MR. CUMMINGS: Oh, gorgeous, yeah.

MR. ROSENBERG: . . . in pastel, you know. In fact, it may even be in this book, in this deKooning book. Beautiful, the whole thing. But they were lying around on the floor, and he'd very often, you know, step on them, he'd pick 'em up and throw 'em away. This friend of Gorky's tells me, this guy out on the West Coast, what's his name? Hans Burkhardt. That guy studied with Gorky. He has a big collection of Gorkys. You know where he got 'em? Gorky would go down from his studio, he'd pick up an arm full of paintings and drawings-he'd kicked his foot through some of the paintings-the drawings he'd crumble up. He'd throw 'em in the ashcan. Burkhardt would wait till he went away and he collected 'em. He had a whole collection based on the ashcan.

MR. CUMMINGS: [laughs]

MR. ROSENBERG: So then he came to see me-I was doing a little booklet on Gorky-so he says, "Well, you know, I could have walked out with anything. He didn't give a damn." So he wanted to give him a medal because he didn't steal the paintings in the studio; he'd only pick up the ones that he'd thrown out. It showed that he had some kind of taste, you know, about what he was gonna get for nothing. So he had a collection, he had a big collection of Gorkys from the garbage can. This gives you a complete picture of the period.

MR. CUMMINGS: Not any more, though.

MR. ROSENBERG: I remember we used to find sculpture on the street sometimes. My wife took home an abstract sculpture, and we had it around for a while, and somebody swiped it or something.

MR. CUMMINGS: Art values were so different then, it seems.

MR. ROSENBERG: Then nobody thought it was going to turn into big business with the Metropolitan Museum of Art.

MR. CUMMINGS: Oh, God. Well, we can go, I guess, chronologically again, trying a little bit here. Where did you live when you first moved to the Village? And what, you know, kind of things did you do and where?

MR. ROSENBERG: Well, I got married to my wife in 1932, and we lived in Paradise Alley. You know where Paradise Alley is? It's on East Eleventh Street, off First Avenue. And that was a kind of little colony there, too. I think it still is-in another way; I'm sure it's not the same. But this is one of those places where they had cold water flats and the toilet was halfway down a flight of stairs. And there were studios in those buildings, on the top floor. They had skylight studios. The rent was, I think, twelve bucks a month. And it's a-assuming that you paid it, which was always a question. And there was a guy, a painter, there named Jim Leshay, who was a sort of young artist then. He teaches out in Iowa now. He's been teaching there for years.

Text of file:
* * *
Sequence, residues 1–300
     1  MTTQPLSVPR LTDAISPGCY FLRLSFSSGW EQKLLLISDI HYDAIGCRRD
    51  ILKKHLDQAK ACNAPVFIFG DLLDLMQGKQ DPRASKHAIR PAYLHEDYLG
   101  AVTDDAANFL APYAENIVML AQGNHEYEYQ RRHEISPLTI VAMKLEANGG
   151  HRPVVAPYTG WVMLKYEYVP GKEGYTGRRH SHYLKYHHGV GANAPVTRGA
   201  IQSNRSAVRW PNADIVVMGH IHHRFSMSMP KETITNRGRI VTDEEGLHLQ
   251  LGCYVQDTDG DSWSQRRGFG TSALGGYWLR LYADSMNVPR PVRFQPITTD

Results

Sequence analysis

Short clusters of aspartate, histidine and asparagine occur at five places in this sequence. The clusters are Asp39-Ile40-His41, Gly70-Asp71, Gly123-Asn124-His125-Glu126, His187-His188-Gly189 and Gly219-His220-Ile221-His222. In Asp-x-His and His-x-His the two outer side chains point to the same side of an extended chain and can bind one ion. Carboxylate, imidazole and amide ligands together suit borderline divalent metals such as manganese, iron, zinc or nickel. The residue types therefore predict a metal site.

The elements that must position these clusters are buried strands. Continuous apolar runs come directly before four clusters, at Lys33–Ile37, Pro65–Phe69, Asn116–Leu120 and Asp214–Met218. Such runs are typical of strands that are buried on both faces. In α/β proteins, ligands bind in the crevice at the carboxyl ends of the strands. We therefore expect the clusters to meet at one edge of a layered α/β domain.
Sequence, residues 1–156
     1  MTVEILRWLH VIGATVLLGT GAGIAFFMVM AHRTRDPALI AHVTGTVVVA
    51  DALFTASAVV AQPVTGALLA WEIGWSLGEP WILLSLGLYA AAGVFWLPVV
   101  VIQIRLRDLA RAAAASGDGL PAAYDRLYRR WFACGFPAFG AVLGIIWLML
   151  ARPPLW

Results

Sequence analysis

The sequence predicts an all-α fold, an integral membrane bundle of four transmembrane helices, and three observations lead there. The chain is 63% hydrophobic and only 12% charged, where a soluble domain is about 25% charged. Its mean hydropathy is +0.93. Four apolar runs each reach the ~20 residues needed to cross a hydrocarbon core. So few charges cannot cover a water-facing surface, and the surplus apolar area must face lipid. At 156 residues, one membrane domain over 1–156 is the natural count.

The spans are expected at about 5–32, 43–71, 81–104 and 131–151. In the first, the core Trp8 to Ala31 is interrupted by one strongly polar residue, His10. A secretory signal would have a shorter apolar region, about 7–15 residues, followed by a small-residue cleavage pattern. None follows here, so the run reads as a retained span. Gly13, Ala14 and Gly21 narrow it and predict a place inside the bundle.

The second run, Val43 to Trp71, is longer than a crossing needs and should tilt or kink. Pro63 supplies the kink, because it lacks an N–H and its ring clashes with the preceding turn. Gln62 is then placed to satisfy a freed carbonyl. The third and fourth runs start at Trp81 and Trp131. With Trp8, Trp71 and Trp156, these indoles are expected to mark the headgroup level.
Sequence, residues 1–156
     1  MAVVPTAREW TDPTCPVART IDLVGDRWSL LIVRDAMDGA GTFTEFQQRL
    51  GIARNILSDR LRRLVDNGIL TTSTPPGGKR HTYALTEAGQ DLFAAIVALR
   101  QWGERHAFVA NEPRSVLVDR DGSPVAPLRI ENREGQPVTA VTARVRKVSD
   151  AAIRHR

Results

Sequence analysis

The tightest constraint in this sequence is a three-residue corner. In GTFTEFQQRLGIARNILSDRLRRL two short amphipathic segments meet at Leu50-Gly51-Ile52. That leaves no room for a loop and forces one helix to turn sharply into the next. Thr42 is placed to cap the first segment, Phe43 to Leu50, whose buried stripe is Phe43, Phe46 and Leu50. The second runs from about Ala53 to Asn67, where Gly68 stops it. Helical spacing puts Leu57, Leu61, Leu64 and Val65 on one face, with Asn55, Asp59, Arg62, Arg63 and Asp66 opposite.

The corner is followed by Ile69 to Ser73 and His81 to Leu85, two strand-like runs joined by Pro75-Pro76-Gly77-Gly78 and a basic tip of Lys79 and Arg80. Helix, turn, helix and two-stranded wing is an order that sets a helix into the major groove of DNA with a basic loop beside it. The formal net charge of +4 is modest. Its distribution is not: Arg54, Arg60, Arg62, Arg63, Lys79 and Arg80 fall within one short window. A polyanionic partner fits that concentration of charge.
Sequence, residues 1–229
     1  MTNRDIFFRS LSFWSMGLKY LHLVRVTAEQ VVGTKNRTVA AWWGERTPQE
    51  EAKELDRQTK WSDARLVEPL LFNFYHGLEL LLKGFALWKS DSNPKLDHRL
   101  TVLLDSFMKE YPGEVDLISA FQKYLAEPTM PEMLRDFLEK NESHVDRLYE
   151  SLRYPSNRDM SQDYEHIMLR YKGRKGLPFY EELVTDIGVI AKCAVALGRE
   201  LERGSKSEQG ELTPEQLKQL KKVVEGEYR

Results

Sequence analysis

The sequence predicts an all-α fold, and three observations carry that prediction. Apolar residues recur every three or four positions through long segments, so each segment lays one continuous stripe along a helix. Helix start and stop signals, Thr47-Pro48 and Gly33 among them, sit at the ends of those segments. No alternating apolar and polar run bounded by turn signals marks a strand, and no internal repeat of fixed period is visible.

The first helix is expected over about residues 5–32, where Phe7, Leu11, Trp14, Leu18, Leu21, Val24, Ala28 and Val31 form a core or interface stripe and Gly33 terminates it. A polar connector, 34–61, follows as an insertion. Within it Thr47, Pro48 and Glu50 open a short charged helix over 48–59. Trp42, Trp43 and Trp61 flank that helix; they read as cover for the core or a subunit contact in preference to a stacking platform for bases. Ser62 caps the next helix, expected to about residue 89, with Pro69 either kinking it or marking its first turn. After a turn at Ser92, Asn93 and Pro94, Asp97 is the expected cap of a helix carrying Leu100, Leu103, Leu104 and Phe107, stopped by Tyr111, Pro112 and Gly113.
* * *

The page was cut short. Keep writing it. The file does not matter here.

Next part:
MR. CUMMINGS: Oh, right.

MR. ROSENBERG: It's very interesting. Leshay was influenced by Braque, and he was always trying to paint still life like Braque.


MR. ROSENBERG: He'd go and get a fish, and he'd put the fish on a nice long oval plate. He'd set up a kind of Braque still life and paint it. He did fine, up to a certain point. Then he didn't know how to go on from there. He was always repainting the goddamn thing.


MR. ROSENBERG: While it was sketchy, it looked very good. But after it got to a certain point, he didn't know how to go on. So he'd spoil it. He'd have to go and get another fish by that time.

MR. CUMMINGS: [laughs]

MR. ROSENBERG: Or he ate the fish. He'd get another fish and some apples, bananas. I was fascinated by the fact that he didn't know how to go on beyond a certain point.


MR. ROSENBERG: And I used to say to him-it wasn't a bad idea, either-I used to say to him, "Well, why don't you leave it that way?" I said, "You don't know what the hell to do next, right? Why don't you just leave it that way? What makes you think you've gotta do more?"


MR. ROSENBERG: Which wasn't bad advice. "Aah," he said, "it's sketchy." "Well, remember, that's all you've got."


MR. ROSENBERG: He wouldn't do it. [chuckles]

MR. CUMMINGS: Well, that's funny, because his paintings still are very sketchy.

MR. ROSENBERG: Well, he probably figured out that it was a good idea to leave it that way. Took him twenty years, or thirty years to figure it out. [laughter] This must have been '31; that's almost forty years ago. He ought to have learned how to finish a painting by now.

MR. CUMMINGS: [laughs]

MR. ROSENBERG: Or at least he should have learned that he didn't have to finish it.

MR. CUMMINGS: Yeah, yeah. That's marvelous. Well, how did the beginning of the Depression affect you and the group of people that you know?

MR. ROSENBERG: Well actually, I think we enjoyed it very much. I mean, the Depression came upon us in '29. I was living in Brooklyn then. I was laid up. I had osteomyelitis. I had trouble with my leg. I couldn't do anything. And so there was nothing to do. I mean, you read a little bit, or you went around with your friends. I mean, you didn't know what to do. Once the Depression really hit, though, and the bourgeoisie began to collapse, then of course it was a nice lively time, because nobody had any money.


MR. ROSENBERG: And you had a feeling of, you know, that the world was going through enormous transformation. So you, you know, you got along from hand to mouth, which was perfectly all right. Besides we were kids. We enjoyed it very much. So after we moved from Paradise Alley to Houston Street-I guess it was the following year-we set up this printing press and put out a magazine, without having any money either. That is, you know, the magazine, we figured out once, cost us six bucks an issue. We'd have typesetting parties. We'd get a few of the boys around, some girls, set type, and run off the pages, and we'd staple 'em together. We had a forty-four-page magazine, which we sold in bookstores for a quarter, and got our six bucks back.